- n. 军士；警察小队长；海军陆战队中士；高等律师
- n. (Sergeant)人名；(英)萨金特；(法)塞尔让
1. serve => sergeant.
来自古法语 sergent,仆人，家仆，臣子，来自拉丁语 servire,服务，服侍，词源同 serve,-ant, 人。后用于指军事衔级中士，警佐。词义演变比较 marshal,元帅，原指国王养马的仆人。
- sergeant:  A sergeant is etymologically simply a ‘servant’ – and indeed that is what the word originally meant in English. It comes via Old French sergent from Latin servient-, the present participial stem of servīre ‘serve’. It was subsequently incorporated into the terminology of the feudal system, roughly equivalent in application to esquire, and it was also used for various legal officers, but it does not seem to have become a specific military rank until the mid 16th century. ‘Sergeant’ then was a comparatively exalted position, but by the end of the century we see it settling into its modern niche as a senior noncommissioned officer.
=> servant, serve
- sergeant (n.)
- c. 1200, "servant," from Old French sergent, serjant "(domestic) servant, valet; court official; soldier," from Medieval Latin servientum (nominative serviens) "servant, vassal, soldier" (in Late Latin "public official"), from Latin servientem "serving," present participle of servire "to serve" (see serve (v.)); cognate with Spanish sirviente, Italian servente; a twin of servant, and 16c. writers sometimes use the two words interchangeably.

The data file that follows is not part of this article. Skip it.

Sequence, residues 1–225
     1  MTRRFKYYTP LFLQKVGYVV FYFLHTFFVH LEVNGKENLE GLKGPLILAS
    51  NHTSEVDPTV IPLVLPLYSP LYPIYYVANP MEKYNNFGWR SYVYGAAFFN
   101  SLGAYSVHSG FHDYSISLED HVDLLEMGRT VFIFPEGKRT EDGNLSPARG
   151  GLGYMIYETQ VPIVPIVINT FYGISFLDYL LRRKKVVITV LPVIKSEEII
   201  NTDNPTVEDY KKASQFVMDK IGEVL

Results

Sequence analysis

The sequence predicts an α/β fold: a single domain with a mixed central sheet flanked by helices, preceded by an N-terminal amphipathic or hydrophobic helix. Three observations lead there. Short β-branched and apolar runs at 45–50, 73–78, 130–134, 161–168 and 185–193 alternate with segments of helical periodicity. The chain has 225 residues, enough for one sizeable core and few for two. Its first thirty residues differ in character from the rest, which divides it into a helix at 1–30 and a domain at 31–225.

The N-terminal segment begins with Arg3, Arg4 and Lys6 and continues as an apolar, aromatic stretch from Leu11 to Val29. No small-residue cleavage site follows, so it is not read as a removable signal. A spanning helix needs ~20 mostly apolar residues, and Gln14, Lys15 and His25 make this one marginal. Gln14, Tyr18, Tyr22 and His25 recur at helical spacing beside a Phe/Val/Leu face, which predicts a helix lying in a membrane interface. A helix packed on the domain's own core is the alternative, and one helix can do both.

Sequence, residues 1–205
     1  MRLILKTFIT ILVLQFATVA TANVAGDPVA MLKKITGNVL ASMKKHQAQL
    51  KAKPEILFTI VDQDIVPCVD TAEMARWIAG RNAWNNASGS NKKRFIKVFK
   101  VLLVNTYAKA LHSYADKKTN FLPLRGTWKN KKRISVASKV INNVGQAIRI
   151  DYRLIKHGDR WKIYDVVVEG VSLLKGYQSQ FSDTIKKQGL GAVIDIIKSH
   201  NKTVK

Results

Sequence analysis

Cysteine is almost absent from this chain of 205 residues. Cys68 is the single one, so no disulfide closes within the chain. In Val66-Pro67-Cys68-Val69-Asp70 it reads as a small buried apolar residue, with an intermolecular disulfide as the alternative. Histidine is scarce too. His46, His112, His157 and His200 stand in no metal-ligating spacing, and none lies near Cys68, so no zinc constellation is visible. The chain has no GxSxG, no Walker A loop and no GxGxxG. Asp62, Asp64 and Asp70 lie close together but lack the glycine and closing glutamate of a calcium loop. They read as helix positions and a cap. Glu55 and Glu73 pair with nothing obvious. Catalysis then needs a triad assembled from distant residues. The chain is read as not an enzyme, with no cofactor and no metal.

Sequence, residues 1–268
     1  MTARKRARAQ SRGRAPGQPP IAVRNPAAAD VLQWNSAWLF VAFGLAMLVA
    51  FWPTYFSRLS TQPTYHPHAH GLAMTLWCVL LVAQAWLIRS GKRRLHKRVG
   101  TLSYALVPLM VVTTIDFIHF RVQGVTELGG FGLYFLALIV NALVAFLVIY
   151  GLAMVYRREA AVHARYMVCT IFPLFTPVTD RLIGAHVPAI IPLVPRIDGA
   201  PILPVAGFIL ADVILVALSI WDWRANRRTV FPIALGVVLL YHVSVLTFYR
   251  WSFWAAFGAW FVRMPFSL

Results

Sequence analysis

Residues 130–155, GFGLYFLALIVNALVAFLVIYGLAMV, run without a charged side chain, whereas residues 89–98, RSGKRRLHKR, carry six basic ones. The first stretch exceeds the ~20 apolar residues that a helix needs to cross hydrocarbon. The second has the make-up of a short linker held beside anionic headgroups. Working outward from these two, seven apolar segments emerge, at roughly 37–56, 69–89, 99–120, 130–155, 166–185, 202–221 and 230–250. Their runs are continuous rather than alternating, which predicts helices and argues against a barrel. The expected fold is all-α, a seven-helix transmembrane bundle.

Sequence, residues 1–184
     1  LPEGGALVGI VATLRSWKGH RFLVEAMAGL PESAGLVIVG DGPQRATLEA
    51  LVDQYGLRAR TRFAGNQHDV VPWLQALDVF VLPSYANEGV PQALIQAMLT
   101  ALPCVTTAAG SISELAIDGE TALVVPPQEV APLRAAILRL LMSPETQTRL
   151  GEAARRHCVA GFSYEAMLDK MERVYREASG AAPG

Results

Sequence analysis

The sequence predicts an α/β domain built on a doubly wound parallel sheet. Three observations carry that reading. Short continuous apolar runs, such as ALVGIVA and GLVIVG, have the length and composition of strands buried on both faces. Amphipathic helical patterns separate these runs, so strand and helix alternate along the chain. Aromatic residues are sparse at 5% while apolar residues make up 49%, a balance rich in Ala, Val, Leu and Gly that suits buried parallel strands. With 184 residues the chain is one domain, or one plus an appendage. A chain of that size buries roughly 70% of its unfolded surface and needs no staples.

Specific sense of "military servant" is attested from late 13c.; that of "officer whose duty is to enforce judgments of a tribunal or legislative body" is from c. 1300 (sergeant at arms is attested from late 14c.). Meaning "non-commissioned military officer" first recorded 1540s. Originally a much more important rank than presently. As a police rank, in Great Britain from 1839.
Middle English alternative spelling serjeant (from Old French) was retained in Britain in special use as title of a superior order of barristers (c. 1300, from legal Latin serviens ad legem, "one who serves (the king) in matters of law"), from which Common Law judges were chosen; also used of certain other officers of the royal household. sergeant-major is from 1570s. The sergeant-fish (1871) so-called for lateral markings resembling a sergeant's stripes. Related: Sergeancy.
- 1. I left a sergeant in command and rode forward to reconnoitre.
- 2. The bullet lodged in the sergeant's leg, shattering his thigh bone.
- 3. His father is a staff sergeant in the army.
- 4. Sergeant Cobbins was an experienced officer and didn't miss much.
- 5. His hands were clasped behind him like a drill sergeant.
[ sergeant 造句 ]